Even in the best-case scenario, where governments and people stop burning fossil fuels, temperatures will still continue to rise for a while yet, resulting in destructive changes in weather patterns that need to be anticipated and provided for.
But stop burning fossil fuels we must. If we don’t act, the effects are going to be far, far worse.
Boustead continues: “As with most things, the worst of the impacts will hit those who are least able to adapt: the poorest, the women and children, the most crowded, the most connected to the land and sea.
“Individual actions matter, because they add up across a lot of people. But honestly, the most helpful actions will be those from the Bigs – big governments, big corporations, big finance, big industries. We live in the world that they create, the rules that they set around us. Your vote is your power. Your spending is your power. What you teach your children is your power. Start with yourself and start local, but keep your eyes on the Bigs, too. The single biggest action you can take as an individual is to vote.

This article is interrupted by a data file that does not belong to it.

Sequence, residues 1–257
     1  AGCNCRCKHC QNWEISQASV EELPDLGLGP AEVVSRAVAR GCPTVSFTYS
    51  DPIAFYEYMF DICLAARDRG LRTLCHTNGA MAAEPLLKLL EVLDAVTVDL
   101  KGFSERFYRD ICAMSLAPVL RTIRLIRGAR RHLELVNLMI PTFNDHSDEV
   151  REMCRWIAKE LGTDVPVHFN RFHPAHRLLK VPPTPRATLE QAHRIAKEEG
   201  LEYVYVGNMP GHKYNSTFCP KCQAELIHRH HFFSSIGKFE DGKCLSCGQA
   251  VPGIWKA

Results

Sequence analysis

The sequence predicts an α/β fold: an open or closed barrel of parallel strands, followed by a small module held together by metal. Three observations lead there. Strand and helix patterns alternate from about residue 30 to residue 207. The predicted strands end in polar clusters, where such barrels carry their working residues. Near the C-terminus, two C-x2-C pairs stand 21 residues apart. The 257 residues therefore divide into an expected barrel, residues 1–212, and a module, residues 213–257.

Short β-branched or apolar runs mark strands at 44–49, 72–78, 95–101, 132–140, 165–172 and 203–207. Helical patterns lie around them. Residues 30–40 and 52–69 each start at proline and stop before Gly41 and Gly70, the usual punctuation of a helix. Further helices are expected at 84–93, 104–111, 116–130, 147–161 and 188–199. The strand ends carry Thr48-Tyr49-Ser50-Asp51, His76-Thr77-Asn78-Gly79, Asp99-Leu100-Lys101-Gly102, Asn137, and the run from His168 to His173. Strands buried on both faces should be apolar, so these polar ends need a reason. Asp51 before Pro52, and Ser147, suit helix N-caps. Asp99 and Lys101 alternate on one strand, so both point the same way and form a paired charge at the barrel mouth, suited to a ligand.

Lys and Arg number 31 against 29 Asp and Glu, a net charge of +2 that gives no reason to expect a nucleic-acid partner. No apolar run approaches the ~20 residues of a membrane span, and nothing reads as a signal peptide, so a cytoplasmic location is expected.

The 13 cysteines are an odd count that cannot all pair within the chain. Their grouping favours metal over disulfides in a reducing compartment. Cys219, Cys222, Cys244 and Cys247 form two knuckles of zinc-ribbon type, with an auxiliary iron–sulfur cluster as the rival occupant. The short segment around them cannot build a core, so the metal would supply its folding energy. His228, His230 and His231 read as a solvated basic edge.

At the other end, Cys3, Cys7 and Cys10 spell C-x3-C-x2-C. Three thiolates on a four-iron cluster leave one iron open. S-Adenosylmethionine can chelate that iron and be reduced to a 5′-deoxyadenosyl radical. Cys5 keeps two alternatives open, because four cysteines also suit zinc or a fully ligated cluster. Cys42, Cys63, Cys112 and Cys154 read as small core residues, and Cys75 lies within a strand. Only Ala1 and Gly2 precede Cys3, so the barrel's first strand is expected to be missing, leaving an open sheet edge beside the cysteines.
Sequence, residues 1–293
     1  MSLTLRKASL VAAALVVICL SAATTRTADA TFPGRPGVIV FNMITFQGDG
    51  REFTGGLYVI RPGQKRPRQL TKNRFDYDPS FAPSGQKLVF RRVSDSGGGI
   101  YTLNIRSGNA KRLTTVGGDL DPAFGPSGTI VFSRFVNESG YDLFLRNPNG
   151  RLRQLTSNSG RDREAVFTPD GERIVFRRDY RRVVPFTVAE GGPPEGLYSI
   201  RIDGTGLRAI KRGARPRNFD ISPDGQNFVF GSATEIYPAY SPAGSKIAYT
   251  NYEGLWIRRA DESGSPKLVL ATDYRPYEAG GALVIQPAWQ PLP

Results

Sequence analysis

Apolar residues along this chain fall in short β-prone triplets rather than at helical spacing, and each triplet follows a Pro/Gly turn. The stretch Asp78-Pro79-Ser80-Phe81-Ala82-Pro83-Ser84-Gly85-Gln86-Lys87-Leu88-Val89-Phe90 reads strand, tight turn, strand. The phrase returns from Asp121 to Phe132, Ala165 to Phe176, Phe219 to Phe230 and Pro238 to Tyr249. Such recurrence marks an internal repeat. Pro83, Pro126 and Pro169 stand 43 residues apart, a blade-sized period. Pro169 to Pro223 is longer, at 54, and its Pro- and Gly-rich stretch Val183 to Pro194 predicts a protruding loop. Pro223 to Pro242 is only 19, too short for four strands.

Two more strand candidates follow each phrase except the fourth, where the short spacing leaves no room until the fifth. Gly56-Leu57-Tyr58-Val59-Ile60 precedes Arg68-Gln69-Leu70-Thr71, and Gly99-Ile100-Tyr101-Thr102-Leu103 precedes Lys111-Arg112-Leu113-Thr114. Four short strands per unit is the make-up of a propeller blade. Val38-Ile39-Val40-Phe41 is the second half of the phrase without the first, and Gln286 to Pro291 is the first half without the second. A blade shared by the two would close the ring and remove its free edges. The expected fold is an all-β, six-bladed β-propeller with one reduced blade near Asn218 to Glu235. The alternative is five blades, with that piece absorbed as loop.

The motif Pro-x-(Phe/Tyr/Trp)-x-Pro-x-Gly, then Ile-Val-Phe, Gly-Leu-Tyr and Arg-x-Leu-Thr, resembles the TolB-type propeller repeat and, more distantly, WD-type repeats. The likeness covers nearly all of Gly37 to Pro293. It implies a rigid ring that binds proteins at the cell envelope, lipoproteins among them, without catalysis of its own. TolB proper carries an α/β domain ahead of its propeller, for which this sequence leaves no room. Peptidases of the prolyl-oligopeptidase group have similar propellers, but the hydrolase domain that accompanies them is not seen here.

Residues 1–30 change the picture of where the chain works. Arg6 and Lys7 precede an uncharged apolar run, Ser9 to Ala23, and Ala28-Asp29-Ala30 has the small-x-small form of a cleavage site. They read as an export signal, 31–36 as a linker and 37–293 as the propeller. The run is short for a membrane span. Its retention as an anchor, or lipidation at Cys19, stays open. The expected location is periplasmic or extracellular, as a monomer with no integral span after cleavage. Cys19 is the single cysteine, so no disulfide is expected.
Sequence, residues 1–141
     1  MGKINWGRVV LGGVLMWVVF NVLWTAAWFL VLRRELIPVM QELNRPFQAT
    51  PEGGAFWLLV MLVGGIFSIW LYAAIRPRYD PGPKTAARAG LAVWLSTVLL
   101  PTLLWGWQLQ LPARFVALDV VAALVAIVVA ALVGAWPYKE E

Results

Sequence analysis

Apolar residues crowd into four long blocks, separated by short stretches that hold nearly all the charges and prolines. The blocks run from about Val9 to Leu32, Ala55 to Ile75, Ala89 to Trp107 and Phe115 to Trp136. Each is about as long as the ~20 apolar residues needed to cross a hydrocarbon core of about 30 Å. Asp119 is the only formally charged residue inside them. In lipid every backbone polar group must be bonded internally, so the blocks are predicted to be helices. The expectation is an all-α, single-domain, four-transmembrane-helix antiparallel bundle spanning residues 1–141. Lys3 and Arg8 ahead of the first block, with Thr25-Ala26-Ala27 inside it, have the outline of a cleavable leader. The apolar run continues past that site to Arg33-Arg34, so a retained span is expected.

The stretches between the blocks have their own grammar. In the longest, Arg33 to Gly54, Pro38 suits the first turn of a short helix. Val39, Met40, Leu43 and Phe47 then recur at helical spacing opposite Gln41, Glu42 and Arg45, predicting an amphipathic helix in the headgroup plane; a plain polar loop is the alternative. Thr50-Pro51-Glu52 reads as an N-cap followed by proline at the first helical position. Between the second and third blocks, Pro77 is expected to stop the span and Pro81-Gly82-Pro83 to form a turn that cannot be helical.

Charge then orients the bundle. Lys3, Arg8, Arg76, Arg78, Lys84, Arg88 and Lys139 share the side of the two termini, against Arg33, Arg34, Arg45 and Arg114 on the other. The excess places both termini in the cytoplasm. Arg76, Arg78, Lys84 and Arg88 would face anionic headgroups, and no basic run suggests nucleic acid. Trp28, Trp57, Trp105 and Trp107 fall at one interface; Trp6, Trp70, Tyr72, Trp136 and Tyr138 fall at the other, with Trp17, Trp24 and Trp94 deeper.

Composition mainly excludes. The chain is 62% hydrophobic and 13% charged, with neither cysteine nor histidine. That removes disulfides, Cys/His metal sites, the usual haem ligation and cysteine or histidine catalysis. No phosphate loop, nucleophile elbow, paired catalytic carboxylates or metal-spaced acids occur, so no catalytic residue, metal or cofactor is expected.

“You still matter. Your voice still matters. Now is the time to use it.”
I couldn’t have summed it up better. Take note of what’s happening in the world around us. Show you care. Forget about buying that monster new SUV – it’s an embarrassment. (Surely you can find a more intelligent way to enhance your sex appeal?) In the coming local elections, establish which individual candidate and/or party is most credibly committed to immediately instituting measures to prevent pollution and waste of water resources, and to radically reduce your area’s carbon footprint. They are more likely to be the more intelligent option on all fronts.
- Now see Oil find in Namibia –Two sides of the coin on page 10
- For an appropriate bit of satire on the subject, you are sure to enjoy Space cowboy admits human life might cease on page 27